Behind the 'We Deserve It Dividend' hoopla
Idea sounds great until you do the math.
The Internet is afire with a grand proposal. Instead of bailing out
AIG to the tune of $85 billion, why not divide the money among all 200
million or so U.S. adults?
That gives $425,000 to every woman and man, the widely circulated e-mail says, or $297,500 after taxes. Wow.
This idea has gotten a lot of traction online, particularly as Congress is now considering a $700 billion bailout or rescue or whatever for America's financial institutions.
"Sounds like a plan," exclaimed Cathy at Cathy's Blog -- For Me For Once, one of many bloggers who've passed the $85 billion "We Deserve It Dividend" proposal on.
There's only one small problem with this plan.
"It only works out to $425 per person," an anonymous reader of Cathy's Blog wrote. "Whoever is circulating that idea is an idiot. Don't believe everything you read." And how.
But the WDID plan -- claimed by so many people as their own that it's impossible for us to know who hatched it (and forgot to double check the math) -- does suggest good uses for a huge chunk of cash if it were to fall into consumers' hands -- like paying off personal debt, spending it for college and investing it.
In fact, a Forbes.com article at MSN Money spells out other possible uses for the $700 billion contained in the latest bailout proposal:
The nation's bridges need $180 billion in repairs.
Rail infrastructure needs $185 billion in maintenance.
$150 billion would provide every American with private health insurance, and also pay for a universal automated health-information system.
The government could pay off the $500 billion cost of the war in Iraq. "Unlike investments in distressed assets, paying for the Iraq war won't produce a return, but $700 billion would stem the government's future debt obligations to its creditors," the article says.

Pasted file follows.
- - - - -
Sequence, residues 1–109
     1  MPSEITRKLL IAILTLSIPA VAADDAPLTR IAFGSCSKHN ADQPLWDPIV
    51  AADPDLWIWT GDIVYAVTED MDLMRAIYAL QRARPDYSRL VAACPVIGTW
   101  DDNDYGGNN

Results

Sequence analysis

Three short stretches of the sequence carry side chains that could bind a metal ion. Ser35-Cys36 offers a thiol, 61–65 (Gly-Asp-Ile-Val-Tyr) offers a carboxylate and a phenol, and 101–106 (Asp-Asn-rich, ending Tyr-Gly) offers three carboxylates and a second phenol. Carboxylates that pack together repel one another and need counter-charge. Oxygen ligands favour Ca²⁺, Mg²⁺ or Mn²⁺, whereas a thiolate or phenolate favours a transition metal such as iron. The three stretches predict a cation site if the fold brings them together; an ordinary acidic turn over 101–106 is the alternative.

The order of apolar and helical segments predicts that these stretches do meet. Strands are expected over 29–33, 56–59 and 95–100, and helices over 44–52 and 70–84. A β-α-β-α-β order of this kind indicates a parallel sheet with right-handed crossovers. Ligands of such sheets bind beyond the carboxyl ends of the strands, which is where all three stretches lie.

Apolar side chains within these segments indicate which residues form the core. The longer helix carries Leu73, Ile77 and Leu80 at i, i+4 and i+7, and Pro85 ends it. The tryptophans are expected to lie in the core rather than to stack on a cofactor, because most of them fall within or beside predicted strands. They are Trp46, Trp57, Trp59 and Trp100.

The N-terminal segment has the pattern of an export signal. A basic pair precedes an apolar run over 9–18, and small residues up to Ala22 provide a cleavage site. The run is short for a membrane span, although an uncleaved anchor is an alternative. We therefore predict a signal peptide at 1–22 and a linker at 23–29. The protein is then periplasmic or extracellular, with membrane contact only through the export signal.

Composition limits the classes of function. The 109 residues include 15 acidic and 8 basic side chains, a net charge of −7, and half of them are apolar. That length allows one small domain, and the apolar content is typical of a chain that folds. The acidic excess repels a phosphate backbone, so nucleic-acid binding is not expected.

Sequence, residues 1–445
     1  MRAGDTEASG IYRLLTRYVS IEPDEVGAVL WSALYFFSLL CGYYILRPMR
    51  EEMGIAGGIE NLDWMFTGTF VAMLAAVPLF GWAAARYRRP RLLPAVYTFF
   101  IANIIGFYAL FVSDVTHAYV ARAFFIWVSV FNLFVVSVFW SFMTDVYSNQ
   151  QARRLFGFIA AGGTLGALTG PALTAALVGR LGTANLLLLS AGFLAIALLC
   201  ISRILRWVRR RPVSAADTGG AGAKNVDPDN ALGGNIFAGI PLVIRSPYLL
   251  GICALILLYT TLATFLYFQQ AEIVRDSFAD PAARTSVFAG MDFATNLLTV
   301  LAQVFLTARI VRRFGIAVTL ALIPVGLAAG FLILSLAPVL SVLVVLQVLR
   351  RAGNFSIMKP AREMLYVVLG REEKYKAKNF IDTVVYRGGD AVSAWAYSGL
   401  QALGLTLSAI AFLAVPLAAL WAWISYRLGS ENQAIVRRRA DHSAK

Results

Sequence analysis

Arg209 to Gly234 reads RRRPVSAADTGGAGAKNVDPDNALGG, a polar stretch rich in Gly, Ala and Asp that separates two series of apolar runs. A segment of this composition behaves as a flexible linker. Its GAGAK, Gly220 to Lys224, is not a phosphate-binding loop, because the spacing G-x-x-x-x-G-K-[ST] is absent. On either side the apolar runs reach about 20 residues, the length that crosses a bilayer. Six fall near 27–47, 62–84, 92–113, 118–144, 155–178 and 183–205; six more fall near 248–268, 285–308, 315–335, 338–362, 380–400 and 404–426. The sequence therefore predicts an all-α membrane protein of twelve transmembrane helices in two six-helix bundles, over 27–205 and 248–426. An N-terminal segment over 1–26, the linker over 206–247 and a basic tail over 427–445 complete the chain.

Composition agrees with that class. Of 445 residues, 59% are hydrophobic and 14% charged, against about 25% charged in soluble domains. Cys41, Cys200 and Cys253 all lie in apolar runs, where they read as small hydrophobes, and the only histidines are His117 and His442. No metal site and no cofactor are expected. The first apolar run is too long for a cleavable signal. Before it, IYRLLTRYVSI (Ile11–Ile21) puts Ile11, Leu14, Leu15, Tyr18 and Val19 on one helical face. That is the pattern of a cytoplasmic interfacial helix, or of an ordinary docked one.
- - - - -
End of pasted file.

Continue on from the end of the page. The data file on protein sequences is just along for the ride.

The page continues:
author of the original WDID e-mail also tapped into people's
unhappiness with bailouts like the ones for AIG (actually a federal
loan), Fannie Mae and Freddie Mac, and the $700 billion granddaddy of all deals being negotiated as we write. One of the things people wonder is how we're all going to pay for it.
"Yes, he did his math wrong. It actually works out to $425 per person," wrote "spectral44." "Better than the stick in the eye we're about to get, eh?"
Published Sept. 25, 2008
Copyright © 2014 Microsoft. All rights reserved.
Fundamental company data and historical chart data provided by Morningstar Inc. Real-time index quotes and delayed quotes supplied by Morningstar Inc. Quotes delayed by up to 15 minutes, except where indicated otherwise. Fund summary, fund performance and dividend data provided by Morningstar Inc. Analyst recommendations provided by Zacks Investment Research. StockScouter data provided by Verus Analytics. IPO data provided by Hoover's Inc. Index membership data provided by Morningstar Inc.
ABOUT SMART SPENDING
LATEST BLOG POSTS
Banks often use sign-up bonuses as a way to get new customers to apply for one of their cards. But are you guaranteed to earn the bonus?
VIDEO ON MSN MONEY
BLOGS WE LIKE
MUST-SEE ON MSN
- Video: Easy DIY smoked meats at home
A charcuterie master shares his process for cold-smoking meat at home.
- Jetpacks about to go mainstream
- Weird things covered by home insurance
- Bing: 70 percent of adults report 'digital eye strain'